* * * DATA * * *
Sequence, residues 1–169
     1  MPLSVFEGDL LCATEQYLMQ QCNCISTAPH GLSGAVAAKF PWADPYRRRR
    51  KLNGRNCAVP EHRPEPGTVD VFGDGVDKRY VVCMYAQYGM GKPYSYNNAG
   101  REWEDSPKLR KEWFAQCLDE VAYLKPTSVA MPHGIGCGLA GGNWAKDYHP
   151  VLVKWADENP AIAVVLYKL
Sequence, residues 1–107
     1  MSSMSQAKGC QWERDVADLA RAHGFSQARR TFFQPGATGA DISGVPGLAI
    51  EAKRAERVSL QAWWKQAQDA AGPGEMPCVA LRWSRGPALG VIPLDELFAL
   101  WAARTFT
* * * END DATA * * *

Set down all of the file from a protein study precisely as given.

Sequence, residues 1–169
     1  MPLSVFEGDL LCATEQYLMQ QCNCISTAPH GLSGAVAAKF PWADPYRRRR
    51  KLNGRNCAVP EHRPEPGTVD VFGDGVDKRY VVCMYAQYGM GKPYSYNNAG
   101  REWEDSPKLR KEWFAQCLDE VAYLKPTSVA MPHGIGCGLA GGNWAKDYHP
   151  VLVKWADENP AIAVVLYKL
Sequence, residues 1–107
     1  MSSMSQAKGC QWERDVADLA RAHGFSQARR TFFQPGATGA DISGVPGLAI
    51  EAKRAERVSL QAWWKQAQDA AGPGEMPCVA LRWSRGPALG VIPLDELFAL
   101  WAARTFT